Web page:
He came to the phone to talk with the President of the Unites States. But struggles to come for a cross. Tim Howard is leaving Everton and the plaudits are already starting to roll in. Are they well deserved? Or is the goalkeeper just another journeyman… albeit one with his own hash tag. By Alan O’Hare.

The word ‘great’ is an adjective, meaning the subject being spoken about is of an ability, quality or eminence considerably above the average.

Tim Howard is leaving Everton at the end of this season and joining Colorado Rapids in America. We wish him well. But let’s get a few things straight: he’s been very well paid to play his part in a decade of underachievement at Goodison Park. Sure, Howard has enjoyed some good times with the blues – but someone has to point out that he’s set more records than he has perhaps caught crosses.

He kept 100 clean sheets (up to now) in just over 350 appearances for Everton. However, for the majority of the New Jersey native’s tenure, David Moyes had ten men behind the ball. He played 210 games consecutively for the blues – just three games short of breaking a record set by Neville Southall – but can you name all the reserve goalkeepers ready to replace him during that time? Big Nev saw off Jim Arnold, Bobby Mimms, Fred Barber, Jason Kearton and Paul Gerrard… and that’s a list from the top of your writer’s head. Howard has had less competition than Duncan Ferguson playing head tennis.

Look, Tim Howard is a good goalkeeper and a cracking human, by all accounts, who has worked hard to overcome the many obstacles that life has thrown at him. He has done a good job at Everton… but he was never great. Not even close. It’s ironic now, as he looks left behind when stood opposite the likes of De Gea, Lloris and Courtois, but he was the first of a new breed of ‘keeper who looked more comfortable with the ball at his feet, than coming for it from a cross. He also helped start the trend of punching a shot away, or palming it in the direction of an incoming number nine, when he joined Manchester United in 2003.

And then came the World Cup in 2014. The USA number one made 15 (not the reported 16, FIFA struck one off!) saves in a brilliant match against Belgium in the second round of the competition in Salvador. Social media went mad, Twitter reacted instantly (quicker than Everton, anyway, who could have quadrupled their followers overnight if someone had been up watching the game and monitoring the club’s social channels) and Howard ended up the recipient of a phone call from Barack Obama and the mega-popular hash tag #ThingsTimHowardCouldSave. The rub? Go and watch it again… everything he stopped, he should have. There were no great saves or game-changing blocks. And, let’s not forget, USA eventually lost 2-1.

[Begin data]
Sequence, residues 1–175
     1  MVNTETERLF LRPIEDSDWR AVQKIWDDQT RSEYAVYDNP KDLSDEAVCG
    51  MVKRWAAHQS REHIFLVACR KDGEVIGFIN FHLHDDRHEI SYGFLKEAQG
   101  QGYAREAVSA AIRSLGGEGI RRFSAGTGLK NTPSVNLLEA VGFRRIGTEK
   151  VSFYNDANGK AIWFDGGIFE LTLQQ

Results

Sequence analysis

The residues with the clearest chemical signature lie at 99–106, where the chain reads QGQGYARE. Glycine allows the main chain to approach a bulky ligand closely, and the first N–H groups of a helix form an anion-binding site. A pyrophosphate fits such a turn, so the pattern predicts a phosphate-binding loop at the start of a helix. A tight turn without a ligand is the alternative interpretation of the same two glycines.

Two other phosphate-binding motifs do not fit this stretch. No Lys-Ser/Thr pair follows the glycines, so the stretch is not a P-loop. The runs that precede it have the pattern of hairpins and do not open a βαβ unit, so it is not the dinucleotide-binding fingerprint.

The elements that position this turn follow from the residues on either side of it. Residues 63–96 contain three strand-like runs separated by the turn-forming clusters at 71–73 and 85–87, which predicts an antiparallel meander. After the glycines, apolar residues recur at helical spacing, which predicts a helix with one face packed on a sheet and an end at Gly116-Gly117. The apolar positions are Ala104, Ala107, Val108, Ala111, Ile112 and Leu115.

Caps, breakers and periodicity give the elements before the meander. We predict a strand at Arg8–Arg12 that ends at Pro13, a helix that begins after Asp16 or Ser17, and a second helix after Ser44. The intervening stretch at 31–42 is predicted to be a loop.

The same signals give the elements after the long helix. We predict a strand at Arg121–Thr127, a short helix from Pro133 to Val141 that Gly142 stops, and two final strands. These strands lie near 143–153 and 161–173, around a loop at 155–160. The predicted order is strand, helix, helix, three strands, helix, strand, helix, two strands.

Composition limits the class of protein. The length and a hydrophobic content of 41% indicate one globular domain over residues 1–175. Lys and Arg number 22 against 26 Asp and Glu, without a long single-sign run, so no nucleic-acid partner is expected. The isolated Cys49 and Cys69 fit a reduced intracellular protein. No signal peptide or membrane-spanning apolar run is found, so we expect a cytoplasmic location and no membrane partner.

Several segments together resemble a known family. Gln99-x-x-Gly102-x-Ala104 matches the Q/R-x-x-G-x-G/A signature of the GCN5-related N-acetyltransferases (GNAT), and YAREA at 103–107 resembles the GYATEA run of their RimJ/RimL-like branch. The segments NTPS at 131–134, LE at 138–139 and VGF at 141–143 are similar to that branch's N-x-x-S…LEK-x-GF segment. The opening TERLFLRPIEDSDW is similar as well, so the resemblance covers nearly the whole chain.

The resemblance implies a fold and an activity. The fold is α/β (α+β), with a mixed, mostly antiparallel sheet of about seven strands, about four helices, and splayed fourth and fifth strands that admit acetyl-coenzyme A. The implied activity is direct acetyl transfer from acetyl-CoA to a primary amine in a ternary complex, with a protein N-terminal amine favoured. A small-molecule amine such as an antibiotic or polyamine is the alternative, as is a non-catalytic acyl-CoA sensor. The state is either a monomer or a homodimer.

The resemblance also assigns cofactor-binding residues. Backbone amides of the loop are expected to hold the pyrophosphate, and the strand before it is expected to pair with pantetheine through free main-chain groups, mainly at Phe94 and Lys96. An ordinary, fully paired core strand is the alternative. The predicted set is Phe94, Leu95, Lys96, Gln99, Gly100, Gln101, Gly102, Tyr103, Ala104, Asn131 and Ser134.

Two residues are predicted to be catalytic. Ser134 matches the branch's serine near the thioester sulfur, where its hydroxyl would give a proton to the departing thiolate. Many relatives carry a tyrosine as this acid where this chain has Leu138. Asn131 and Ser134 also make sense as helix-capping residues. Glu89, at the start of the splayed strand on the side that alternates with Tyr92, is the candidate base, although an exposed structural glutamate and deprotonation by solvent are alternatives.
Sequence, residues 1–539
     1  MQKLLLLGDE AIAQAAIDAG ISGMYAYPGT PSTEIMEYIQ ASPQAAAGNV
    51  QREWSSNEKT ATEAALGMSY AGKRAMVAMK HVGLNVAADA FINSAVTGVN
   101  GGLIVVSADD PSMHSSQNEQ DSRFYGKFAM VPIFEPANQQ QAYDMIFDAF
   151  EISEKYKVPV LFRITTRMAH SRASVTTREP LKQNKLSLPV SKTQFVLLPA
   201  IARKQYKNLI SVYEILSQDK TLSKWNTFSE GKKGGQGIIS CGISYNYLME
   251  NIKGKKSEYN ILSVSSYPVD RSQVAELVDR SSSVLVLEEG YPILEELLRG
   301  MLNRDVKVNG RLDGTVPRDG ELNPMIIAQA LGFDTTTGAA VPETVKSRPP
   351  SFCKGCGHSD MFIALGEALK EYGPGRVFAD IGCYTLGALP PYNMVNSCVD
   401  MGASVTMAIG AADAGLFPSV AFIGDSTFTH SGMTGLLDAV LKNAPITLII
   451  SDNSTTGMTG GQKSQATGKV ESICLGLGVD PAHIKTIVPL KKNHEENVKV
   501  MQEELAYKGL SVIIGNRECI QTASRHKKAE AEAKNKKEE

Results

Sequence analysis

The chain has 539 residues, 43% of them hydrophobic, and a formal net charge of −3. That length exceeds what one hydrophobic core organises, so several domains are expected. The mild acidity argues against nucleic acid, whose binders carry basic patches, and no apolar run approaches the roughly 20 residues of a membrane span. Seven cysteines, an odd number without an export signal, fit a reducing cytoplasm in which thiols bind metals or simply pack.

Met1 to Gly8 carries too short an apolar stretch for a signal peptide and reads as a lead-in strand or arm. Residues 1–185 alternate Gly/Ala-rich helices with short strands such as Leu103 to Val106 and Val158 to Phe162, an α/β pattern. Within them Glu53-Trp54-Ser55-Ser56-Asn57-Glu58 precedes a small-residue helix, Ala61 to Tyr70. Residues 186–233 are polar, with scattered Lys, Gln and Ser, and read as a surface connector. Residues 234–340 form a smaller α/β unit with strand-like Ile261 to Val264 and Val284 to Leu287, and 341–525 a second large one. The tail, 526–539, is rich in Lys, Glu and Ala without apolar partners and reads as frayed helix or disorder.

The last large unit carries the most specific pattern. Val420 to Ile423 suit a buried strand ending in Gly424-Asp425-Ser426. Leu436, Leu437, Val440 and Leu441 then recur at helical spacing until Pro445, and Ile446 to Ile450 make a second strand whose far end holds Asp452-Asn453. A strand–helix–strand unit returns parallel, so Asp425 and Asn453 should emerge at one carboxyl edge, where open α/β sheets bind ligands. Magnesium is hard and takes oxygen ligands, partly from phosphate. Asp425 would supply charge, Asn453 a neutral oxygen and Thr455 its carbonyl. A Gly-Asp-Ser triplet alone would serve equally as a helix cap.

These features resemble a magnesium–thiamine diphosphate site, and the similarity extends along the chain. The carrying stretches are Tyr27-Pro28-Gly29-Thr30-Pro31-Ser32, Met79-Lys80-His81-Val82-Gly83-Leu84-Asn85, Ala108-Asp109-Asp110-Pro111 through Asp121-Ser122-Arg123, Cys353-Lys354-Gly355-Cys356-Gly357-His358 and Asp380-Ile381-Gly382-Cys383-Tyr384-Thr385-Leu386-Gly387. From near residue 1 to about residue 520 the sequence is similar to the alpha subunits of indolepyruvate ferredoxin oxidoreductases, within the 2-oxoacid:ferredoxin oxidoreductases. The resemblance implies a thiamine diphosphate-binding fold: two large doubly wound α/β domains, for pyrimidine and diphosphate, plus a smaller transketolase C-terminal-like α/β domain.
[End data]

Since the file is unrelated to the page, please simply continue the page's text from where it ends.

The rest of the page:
That’s the crux, right there: they lost the game. We’re so used to celebrating underachievement that we feel Howard deserves a send-off fit for a hero. He doesn’t. Winners like Peter Reid did. Successful skippers like Kevin Ratcliffe did. Great goalscorers like Graeme Sharp did… but those three never got one. They were sent packing from Goodison when their form dipped and the crowd started to lose patience with their former favourites. What’s changed? At Everton, the blues are so starved of success that it doesn’t take too much for a celebration. But, it’s the modern game and its followers where the problem really lies: it’s neat, tidy and easy to compartmentalise. If you celebrate the careers of your journeymen, then it’s a nice distraction from another season of not winning anything.

So, it’s ‘aeternum vale’ to Tim Howard – you were not the best, but good enough. Apparently.

Pic by Gordon Flood